“Goat Song” is very straightforwardly science-fictional retelling of the Greek myth of Orpheus and Eurydice. The narrator, sometimes called Harper, lives in a quasi-Utopian future controlled by a computer called SUM. Everyone’s lives are carefully ordered, except in the wildcountry, where no laws apply. Population is tightly controlled, but everyone’s life history is recorded, and in theory they can be resurrected into a new body if they die. However, SUM will not do that until some far future time. Harper’s lover has died escaping an attempted rape — most sex in this future is extremely casual, to be had for the asking apparently, but Harper and she are interested only in each other.) Harper, disconsolate, retreats to the wildcountry, then decides to accost SUM’s human liaison (a beautiful woman who is reincarnated every seven years) and petition for his woman to be resurrected. She agrees to let him meet SUM in its fortress and ask for his boon – and eventually SUM agrees, with the condition – he cannot look back to see if his lover is following him until they leave. Of course, he fails at this – and his woman is returned to SUM’s memory banks immediately. So Harper decides to foment a rebellion against SUM, on the grounds that only in freedom from SUM’s tight control will people truly be people… and in so doing he creates the conditions for his eventual doom…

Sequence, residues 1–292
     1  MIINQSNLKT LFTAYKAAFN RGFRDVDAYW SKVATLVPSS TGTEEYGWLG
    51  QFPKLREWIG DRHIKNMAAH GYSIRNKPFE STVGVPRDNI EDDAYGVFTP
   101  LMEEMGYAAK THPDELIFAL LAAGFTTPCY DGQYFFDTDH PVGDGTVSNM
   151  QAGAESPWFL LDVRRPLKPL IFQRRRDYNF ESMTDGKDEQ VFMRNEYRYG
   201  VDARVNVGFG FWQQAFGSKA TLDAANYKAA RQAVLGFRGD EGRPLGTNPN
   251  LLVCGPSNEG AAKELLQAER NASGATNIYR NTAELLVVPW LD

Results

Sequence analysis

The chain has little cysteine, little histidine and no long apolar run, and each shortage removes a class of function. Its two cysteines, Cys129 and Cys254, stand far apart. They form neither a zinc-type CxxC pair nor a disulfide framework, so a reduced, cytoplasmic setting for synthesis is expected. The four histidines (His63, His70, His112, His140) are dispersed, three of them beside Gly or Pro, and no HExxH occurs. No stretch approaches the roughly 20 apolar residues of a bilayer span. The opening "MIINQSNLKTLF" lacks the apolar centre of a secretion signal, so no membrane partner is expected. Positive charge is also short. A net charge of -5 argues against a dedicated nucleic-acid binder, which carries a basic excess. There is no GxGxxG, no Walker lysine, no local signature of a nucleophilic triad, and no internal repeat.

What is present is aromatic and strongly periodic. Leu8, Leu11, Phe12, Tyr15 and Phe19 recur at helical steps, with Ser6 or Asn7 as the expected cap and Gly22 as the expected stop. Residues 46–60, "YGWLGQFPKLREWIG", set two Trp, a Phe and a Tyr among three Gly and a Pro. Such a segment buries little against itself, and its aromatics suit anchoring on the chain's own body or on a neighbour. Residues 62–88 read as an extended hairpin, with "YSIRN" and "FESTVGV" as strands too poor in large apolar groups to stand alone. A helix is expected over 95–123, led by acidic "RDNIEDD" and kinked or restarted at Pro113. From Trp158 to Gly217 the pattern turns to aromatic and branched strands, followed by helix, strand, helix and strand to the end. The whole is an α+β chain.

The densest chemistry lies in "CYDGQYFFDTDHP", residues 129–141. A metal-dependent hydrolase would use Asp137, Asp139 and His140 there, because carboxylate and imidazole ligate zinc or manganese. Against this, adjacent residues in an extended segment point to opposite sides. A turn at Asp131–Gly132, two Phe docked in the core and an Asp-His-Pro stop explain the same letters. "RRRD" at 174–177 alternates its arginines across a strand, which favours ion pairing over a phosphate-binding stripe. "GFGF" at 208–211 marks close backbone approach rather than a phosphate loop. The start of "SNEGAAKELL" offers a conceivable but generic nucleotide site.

Some of the things that impressed me at first and didn’t work as well more than 4 decades later include a) Anderson’s stylistic tics, which can get tiresome once you realize what he’s doing (that said, the numerous different names Harper gives his lover are nicely done), b) at that time the idea of an SFnal retelling of a Greek myth struck the teenaged me as really cool, but since then I’ve come to regard it as a bit old hat – which may not be Anderson’s fault!; and c) the concept of a computer rigorously controlling a future civilization was a thing back then – a fairly common trope – and it doesn’t come off the same way now.

Nebula Award Stories 8-small Nebula Award Stories 8-back-small

Cover by Richard Powers (again)

So what else might have won these awards if not “Goat Song”? The other Nebula nominees were

“The Animal Fair,” by Alfred Bester
“Basilisk,” by Harlan Ellison
“The Funeral,” by Kate Wilhelm